Sun safety for kids is very important as the temperatures rise. Children and teens are exposed to the sun a lot more in the summer due to popular outdoor activities. The key to keeping your child safe during the summer is to minimize sun exposure and remember to use sunblock with a high sun protection factor (SPF).


Minimizing sun exposure

It’s healthy and important for children to play outside. The key is keeping your child’s skin safe from the sun’s ultraviolet (UV) rays when he or she is in the sun. Here are six tips for reducing sun exposure:

  1. Do not go out in the sun during peak hours (10:00 a.m. to 4:00 p.m.).
  2. Apply sunscreen 30 minutes before going out into the sun. Reapply every two hours and after swimming or sweating.
  3. Chemicals to avoid in sunscreens: oxybenzone, octinoxate, octisalate, octocrylene and homosalate. These chemicals can cause allergic skin reactions and change hormone function in the body.
  4. Wear a hat and/or sun-protective clothing specifically designed to shield against ultraviolet rays (which can cause sunburn).
  5. Sun protective clothing provides ultraviolet protection (UPF) of 30 to 50+. This blocks 96 to 98% of the sun’s harmful rays.
  6. There’s no need for sunscreen when your child’s body is covered with UPF clothing.

What type of sunscreen should we use?

The American Academy of Dermatology recommends that everyone use sunscreen that offers broad-spectrum protection (protects against UVA and UVB rays), has a SPF of 30 or higher and is water resistant. It’s easy for families to skimp on the amount of sunblock they apply to their kids. Putting a large amount of sunblock on your child or teen just once for the whole day is not enough. Everyone needs sunscreen, except for babies less than six months old because they should not be exposed to direct sunlight. It is also important to use a lip balm that has SPF in it as well. Just like your body, lips can get sunburned as well.

Applying sunscreen

When applying sunscreen to your children, even teenagers, one ounce is the proper amount. That is the same amount it takes to fill a shot glass. The amount can vary based on the size of the child but this is the general amount to follow. Apply the sunscreen to dry skin 15 minutes before going outdoors. Re-apply sunscreen every two hours or after swimming or sweating according to the directions on the bottle.

Sunscreen should be worn everyday even when it’s cloudy. Use precaution when near water, snow and sand. They reflect the damaging rays of the sun, which can increase the likelihood of sunburn. If your children are in the sun, they should wear protective clothing and stay in shady areas. It’s especially important to keep teens away from tanning beds because the ultraviolet light from the sun and tanning beds can cause skin cancer and wrinkling. If teens want to look tanner they should use a self-tanning product like a lotion.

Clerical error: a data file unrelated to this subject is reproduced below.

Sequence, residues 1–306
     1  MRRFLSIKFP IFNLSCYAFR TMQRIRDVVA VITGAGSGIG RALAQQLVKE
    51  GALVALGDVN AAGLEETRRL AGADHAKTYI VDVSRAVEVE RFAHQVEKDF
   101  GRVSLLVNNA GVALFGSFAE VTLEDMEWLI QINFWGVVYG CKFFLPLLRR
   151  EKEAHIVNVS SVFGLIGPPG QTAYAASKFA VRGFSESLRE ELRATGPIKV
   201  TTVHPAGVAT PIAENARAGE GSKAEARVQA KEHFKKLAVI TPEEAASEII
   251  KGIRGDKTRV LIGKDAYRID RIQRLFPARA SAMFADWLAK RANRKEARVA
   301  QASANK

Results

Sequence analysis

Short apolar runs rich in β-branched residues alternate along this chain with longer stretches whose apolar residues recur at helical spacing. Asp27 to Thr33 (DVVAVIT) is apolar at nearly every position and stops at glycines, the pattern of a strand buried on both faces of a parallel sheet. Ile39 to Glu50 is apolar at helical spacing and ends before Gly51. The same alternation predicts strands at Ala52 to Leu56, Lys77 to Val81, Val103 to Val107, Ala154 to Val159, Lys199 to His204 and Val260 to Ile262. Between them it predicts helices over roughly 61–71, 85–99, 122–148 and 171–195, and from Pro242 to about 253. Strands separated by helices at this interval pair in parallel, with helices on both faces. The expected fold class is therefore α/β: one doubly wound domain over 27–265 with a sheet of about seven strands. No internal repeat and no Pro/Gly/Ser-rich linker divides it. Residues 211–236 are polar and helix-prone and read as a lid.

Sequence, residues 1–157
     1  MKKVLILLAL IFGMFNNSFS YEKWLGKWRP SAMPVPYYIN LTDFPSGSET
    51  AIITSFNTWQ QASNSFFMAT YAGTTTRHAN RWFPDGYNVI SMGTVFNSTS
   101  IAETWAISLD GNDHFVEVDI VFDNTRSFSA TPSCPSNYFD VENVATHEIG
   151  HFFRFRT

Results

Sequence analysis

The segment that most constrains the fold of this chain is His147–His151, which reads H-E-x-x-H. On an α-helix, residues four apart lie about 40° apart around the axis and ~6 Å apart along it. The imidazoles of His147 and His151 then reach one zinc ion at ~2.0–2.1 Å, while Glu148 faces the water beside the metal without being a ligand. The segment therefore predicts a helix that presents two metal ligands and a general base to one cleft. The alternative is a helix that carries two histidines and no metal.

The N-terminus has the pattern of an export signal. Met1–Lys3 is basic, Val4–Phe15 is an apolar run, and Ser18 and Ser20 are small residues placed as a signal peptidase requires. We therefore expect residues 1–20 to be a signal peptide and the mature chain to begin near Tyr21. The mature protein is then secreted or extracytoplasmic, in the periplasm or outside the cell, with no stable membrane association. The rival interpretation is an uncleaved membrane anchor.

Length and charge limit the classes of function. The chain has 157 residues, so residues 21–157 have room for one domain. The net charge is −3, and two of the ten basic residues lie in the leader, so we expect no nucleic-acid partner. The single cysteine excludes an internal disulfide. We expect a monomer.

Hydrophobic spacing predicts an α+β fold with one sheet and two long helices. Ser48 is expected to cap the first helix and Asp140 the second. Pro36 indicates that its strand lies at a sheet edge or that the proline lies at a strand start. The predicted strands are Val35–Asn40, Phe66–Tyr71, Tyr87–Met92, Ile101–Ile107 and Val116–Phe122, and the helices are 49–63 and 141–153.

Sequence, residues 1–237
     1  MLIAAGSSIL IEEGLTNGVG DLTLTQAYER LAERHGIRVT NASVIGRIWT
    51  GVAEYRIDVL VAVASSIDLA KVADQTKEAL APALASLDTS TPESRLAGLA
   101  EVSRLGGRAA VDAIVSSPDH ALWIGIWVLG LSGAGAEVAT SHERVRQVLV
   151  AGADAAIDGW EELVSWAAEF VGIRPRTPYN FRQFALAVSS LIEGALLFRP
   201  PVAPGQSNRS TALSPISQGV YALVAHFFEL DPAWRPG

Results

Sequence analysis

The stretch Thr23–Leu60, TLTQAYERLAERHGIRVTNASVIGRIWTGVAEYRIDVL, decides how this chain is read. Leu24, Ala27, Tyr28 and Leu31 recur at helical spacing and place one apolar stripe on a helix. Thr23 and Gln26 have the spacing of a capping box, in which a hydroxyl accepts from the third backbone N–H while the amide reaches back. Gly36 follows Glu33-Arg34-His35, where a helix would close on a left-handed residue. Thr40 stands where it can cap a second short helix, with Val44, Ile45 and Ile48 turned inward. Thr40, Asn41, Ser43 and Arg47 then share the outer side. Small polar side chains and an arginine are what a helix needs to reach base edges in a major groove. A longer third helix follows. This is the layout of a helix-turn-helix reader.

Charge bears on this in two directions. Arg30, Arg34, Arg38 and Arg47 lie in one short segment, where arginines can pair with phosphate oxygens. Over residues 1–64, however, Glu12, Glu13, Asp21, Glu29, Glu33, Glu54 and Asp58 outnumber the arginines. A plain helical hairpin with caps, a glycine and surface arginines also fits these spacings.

When is my child old enough to wear sunscreen?

Babies older than 6 months should wear sunscreen, but using sun-protective clothing is critical, too. Young children should wear light-colored, lightweight, long-sleeve shirts and pants as well as hats with wide brims. For added protection, look for fabrics labeled as having sun or ultraviolet protection elements, which help block the sun’s radiation from passing through the garment.

What’s the most commonly underprotected part of the body?

Ears and the back of the neck are locations that frequently see overexposure, putting them at higher risk for skin cancer in the future. Make sure to thoroughly apply sunscreen in these locations and wear a wide-brimmed hat when possible.

How often do I need to reapply sunscreen?

Reapply sunscreen every one to two hours and after water immersion or intense physical activity. Don’t forget to wear sunscreen on cloudy days and during road trips, too, as the sun’s rays can penetrate glass.

What should I do if my child gets a sunburn?

If the sunburn is severe – meaning the child has blisters, feels unwell or is in pain – seek medical attention. If it is not severe, parents can use soothing creams and Tylenol or other pain medication as guided by their pediatrician.

It’s important to remember that your child’s skin is more vulnerable to sun damage than your skin. By following these recommendations for sun protection, you will help protect your child from burning and other skin damage.

ABOUT THE EXPERT

Scott A. Norton, MD, MPH, MSc, was the Chief of Dermatology at Children’s National.

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